Click on the images above to see them enlarged and in context. To see the reverse of the train ticket shown top left, click here, and to see the remainder of the tourist guide, click here.

Posted by misteraitch at September 20, 2005 01:00 PM
Comments

wow, nice surprise huh? order an exhibition catalogue get a box o' goodies. love it. wonder what the actual exhibition was like? "de chirico station" "blvd. of cerebral intoxication" "ave. of the quivering shadows" love it. i hereby move we begin fundraising immediately to make this city, or something in the same spirit, a reality. i'm sure dubai would sell us an island for the right price.

Posted by: jmorrison on September 20, 2005 02:44 PM

This Republic is ravishing. Last winter I came across some information about another artist who had his own Republic of Dreams, Bruno Schulz (1892-1942). Seems that, for his, Poetry was the sovereign territory. The Mus�e d'art et d'histoire du juda�sme hold an exposition under that name, last autumn (haven't seen it though).

http://www.culture.pl/en/culture/artykuly/wy_wy_schulz_republika_teatralne_warszawa

Posted by: Maridan' on September 20, 2005 08:56 PM

It sounds like a wonderful celebration of Imagination.

I love it!

Posted by: MissMeliss on September 20, 2005 09:26 PM

it also makes me think on Borges and his "Tlön, Uqbar, Orbis Tertius" story

Posted by: lanark on September 21, 2005 09:48 PM

There is a publisher in Utrecht making maps and globes of an imaginary world, very close to the cathedral. I wanted to buy their map of the 'world' but it was a tad too expensive for something I routinely used to do myself (i.e. make maps and, mind you, historical atlases of imaginary worlds) when I was a child.

Posted by: Loxias on September 22, 2005 10:04 AM

Where did you manage to find the 'exhibition catalogue' and buy it?

I've always been interested in building little cities on the carpet or floor when I was little... Sometimes I would build a big castle out of boxes, empty yogurt containers, and any toys I had around. I would put toy soldiers in all the right places on the walls so they could shoot at anyone in case they come close to the castle, and I would hide a big action figure somewhere in the middle so if someone sneaks in they will have the unpleasent surprise of being chased and eaten by a giant.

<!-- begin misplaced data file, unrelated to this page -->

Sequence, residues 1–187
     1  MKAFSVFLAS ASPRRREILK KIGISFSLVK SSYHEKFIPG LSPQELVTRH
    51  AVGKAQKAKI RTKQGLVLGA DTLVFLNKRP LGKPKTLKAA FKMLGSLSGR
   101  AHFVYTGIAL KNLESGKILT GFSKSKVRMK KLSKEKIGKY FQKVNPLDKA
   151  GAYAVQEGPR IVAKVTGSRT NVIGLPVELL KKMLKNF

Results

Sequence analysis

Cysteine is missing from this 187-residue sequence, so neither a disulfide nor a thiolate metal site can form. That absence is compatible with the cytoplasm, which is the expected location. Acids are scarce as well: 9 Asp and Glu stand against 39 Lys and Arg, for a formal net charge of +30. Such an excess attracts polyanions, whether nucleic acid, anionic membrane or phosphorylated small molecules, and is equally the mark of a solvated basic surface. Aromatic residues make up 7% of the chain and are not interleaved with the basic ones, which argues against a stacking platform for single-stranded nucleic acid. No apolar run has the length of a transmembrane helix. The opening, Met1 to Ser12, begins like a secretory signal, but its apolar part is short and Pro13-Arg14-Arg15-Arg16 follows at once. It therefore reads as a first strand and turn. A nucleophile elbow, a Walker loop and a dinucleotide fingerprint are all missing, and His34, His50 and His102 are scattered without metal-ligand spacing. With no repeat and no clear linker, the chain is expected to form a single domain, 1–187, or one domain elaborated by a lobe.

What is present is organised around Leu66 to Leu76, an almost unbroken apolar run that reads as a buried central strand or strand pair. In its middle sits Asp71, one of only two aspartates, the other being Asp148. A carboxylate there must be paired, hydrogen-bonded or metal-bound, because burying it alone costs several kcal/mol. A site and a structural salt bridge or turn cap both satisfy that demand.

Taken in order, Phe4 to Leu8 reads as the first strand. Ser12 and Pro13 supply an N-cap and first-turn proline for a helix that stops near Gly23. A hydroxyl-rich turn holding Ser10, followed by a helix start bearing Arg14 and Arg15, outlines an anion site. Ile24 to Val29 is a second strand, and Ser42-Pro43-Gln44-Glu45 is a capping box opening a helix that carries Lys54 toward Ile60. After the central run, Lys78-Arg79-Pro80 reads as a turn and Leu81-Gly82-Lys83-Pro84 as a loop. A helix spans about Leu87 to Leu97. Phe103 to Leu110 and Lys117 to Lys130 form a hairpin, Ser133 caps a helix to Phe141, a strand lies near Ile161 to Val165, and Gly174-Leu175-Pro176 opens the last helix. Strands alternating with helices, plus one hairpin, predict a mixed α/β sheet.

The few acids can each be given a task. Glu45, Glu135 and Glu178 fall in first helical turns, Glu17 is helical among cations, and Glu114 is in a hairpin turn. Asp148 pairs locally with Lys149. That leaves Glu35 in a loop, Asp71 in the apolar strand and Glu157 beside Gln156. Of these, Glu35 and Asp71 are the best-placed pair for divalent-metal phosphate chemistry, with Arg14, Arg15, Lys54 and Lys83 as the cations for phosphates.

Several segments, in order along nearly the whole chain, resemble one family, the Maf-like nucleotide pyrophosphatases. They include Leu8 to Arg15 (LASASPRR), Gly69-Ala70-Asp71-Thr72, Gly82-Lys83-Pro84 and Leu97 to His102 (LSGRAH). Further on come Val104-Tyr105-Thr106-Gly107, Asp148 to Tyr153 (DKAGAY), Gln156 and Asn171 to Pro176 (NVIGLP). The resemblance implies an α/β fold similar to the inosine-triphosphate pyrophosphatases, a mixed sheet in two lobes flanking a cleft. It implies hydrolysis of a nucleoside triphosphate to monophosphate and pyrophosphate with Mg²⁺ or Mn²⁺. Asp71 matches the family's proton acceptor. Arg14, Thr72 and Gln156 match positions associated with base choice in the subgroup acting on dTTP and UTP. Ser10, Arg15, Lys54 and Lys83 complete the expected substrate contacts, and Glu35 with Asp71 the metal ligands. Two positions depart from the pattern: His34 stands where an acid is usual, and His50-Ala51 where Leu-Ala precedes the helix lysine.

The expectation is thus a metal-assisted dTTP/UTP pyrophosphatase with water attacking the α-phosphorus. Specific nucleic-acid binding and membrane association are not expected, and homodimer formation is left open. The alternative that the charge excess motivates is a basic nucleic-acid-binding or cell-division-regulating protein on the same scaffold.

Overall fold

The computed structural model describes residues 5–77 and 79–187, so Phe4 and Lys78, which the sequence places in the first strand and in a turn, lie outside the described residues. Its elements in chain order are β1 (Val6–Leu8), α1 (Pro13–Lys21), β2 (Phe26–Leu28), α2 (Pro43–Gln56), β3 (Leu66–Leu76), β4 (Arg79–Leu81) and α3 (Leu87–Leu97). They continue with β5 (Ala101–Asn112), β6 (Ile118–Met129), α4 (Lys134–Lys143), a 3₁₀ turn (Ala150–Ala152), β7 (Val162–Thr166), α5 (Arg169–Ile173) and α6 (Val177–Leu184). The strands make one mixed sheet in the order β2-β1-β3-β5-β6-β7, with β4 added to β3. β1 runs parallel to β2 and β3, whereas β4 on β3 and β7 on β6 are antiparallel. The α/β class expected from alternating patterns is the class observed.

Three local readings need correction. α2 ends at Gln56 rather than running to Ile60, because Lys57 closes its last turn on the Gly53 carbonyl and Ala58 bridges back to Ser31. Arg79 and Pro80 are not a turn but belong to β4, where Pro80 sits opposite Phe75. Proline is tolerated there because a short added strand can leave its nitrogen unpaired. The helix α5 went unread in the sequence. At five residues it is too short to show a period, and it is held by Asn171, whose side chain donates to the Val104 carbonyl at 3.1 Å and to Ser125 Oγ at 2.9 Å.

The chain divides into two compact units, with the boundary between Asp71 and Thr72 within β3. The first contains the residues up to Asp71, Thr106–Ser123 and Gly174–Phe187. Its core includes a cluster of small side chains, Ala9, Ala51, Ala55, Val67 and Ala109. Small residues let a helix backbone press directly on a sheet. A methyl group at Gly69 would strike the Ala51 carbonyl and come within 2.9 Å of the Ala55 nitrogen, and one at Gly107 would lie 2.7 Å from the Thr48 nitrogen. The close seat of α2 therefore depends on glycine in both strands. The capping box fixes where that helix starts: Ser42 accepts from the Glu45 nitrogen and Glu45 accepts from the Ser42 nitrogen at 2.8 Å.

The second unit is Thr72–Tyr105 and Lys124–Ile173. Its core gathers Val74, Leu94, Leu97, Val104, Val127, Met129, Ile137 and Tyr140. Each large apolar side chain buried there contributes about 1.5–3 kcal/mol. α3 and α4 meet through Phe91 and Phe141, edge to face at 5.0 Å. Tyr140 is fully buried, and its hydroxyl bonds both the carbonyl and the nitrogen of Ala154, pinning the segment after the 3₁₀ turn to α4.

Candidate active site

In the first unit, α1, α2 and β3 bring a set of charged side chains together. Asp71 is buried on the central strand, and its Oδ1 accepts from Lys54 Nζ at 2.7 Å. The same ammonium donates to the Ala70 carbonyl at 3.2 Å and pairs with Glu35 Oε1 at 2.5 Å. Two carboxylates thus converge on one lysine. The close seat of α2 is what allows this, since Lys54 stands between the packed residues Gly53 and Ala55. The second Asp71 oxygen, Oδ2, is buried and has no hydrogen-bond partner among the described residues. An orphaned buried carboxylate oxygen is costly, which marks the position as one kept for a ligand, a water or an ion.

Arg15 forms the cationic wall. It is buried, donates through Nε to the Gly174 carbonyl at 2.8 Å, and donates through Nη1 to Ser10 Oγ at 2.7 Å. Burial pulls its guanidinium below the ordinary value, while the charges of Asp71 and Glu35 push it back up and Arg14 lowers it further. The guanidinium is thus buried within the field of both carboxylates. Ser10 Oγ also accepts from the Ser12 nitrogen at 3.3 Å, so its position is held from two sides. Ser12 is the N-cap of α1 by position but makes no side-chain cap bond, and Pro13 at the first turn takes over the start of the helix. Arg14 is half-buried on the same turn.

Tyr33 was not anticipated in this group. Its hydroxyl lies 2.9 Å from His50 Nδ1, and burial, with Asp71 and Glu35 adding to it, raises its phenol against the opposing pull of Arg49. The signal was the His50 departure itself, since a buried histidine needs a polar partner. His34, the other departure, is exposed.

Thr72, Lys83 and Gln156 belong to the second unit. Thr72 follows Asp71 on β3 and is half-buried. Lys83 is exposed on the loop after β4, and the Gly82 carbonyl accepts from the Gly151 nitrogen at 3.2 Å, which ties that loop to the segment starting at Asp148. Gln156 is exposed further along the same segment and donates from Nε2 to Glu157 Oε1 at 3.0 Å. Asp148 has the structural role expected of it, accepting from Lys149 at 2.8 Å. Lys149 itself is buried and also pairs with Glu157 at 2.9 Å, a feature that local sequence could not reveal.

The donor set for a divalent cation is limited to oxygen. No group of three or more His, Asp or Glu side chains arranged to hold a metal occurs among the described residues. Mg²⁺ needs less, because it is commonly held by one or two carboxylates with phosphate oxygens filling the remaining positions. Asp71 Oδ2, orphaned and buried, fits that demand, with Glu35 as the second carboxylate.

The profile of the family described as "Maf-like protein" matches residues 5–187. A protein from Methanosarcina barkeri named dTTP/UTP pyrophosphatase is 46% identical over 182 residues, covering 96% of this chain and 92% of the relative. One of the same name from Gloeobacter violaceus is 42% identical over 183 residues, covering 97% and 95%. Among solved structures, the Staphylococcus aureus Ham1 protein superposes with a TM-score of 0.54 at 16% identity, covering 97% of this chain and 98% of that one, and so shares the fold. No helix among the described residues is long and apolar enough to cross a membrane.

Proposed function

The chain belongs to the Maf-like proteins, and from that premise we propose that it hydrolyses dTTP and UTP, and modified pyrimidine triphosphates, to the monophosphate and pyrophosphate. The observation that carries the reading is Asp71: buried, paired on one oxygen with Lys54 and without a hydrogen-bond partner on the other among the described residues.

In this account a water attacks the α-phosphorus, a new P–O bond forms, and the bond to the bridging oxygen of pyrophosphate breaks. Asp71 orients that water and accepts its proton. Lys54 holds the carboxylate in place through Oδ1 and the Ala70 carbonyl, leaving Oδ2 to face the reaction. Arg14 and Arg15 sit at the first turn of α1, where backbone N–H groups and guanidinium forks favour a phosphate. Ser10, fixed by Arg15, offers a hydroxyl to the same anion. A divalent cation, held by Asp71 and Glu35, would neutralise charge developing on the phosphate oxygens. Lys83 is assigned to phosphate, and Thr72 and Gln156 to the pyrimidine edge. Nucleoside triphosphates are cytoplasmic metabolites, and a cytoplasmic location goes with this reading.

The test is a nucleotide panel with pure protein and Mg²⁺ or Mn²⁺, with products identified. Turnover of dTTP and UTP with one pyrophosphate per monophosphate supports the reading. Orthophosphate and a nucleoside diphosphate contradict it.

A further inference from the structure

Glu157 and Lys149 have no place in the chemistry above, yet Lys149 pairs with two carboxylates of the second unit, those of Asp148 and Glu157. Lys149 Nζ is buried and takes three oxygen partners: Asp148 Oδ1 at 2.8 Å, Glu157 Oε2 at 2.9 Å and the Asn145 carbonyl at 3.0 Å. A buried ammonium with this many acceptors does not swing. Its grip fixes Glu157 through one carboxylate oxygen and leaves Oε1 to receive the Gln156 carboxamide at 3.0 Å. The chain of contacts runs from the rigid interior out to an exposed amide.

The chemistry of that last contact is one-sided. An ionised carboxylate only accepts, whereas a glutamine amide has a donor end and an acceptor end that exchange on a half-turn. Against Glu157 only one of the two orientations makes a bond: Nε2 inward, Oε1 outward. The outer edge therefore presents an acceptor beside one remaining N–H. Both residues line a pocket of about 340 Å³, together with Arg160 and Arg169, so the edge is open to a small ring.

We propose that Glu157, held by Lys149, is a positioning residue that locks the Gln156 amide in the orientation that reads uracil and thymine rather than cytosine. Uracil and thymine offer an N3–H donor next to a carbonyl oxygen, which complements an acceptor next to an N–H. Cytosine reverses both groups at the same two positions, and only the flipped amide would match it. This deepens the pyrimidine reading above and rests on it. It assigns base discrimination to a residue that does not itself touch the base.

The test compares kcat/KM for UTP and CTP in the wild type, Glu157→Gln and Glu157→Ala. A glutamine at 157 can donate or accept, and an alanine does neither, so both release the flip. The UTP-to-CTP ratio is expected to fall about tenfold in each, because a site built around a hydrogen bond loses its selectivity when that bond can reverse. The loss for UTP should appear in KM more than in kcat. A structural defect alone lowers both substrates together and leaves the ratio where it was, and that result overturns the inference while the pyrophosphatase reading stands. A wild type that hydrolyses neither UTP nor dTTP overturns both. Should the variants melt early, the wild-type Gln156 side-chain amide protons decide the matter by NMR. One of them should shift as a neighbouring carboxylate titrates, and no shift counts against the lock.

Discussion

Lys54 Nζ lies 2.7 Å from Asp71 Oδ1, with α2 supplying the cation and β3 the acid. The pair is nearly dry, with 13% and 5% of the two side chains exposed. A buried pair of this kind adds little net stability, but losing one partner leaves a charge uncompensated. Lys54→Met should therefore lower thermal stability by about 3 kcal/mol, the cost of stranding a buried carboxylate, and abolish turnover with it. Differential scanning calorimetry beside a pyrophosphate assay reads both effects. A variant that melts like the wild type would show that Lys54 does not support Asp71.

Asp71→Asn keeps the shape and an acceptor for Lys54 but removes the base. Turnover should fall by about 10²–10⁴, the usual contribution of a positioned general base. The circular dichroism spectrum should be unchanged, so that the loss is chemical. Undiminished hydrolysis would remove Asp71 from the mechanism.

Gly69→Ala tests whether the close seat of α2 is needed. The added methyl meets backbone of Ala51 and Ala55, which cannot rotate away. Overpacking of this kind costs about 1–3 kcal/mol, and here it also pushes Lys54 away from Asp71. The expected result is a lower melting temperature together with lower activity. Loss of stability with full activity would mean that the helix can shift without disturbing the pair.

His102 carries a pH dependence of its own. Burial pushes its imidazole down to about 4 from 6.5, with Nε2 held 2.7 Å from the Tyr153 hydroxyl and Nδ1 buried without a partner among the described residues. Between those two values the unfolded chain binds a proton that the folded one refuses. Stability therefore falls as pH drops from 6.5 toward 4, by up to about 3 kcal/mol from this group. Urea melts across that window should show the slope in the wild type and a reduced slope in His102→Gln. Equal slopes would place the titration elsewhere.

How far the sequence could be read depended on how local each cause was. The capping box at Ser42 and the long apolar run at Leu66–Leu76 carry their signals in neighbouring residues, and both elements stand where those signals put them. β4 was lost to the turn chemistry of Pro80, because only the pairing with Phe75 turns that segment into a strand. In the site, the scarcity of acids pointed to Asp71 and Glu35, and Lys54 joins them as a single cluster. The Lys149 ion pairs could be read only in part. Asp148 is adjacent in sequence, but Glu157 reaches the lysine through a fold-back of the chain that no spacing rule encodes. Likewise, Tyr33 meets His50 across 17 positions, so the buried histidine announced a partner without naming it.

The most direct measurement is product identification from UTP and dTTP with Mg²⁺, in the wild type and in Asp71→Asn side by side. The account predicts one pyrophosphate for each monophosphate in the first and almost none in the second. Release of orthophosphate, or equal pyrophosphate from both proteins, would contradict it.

I really loved building those and to this day I still sometime consider digging up my old toys and building one of those in my room just for the sake of it.

I really really love this blog, I've seen nothing like it and it touches me every time I read something on it. Thank you.

Posted by: BR on September 25, 2005 01:22 AM

That's simply wonderful. I have a weakness for invented worlds.

Can this catalog still be acquired, and if so, where/how? Sounds like something I would enjoy getting my hands on. (I also have a weakness for boxes of goodies.)

Posted by: bluewyvern on September 25, 2005 03:18 AM

BR; bluwyvern—you can find it by going to www.abebooks.com, and searching for the title ‘Imaginaire Landen:’ On just trying it a moment ago, two results came up, although I think one of them is for the copy I already bought…

Posted by: misteraitch on September 25, 2005 07:30 AM

My very favorite blog...

I, too, had the childhood love of imaginary cities, and now I live in a tiny place where "reality" has been inextricably tangled with a particular set of fictions for almost two hundred years. The locals are now entirely confused about what is imaginary and what is "real," but they were born to it and don't even notice. I, an exile, am fascinated by it and them.

Posted by: Miss M on September 28, 2005 04:30 AM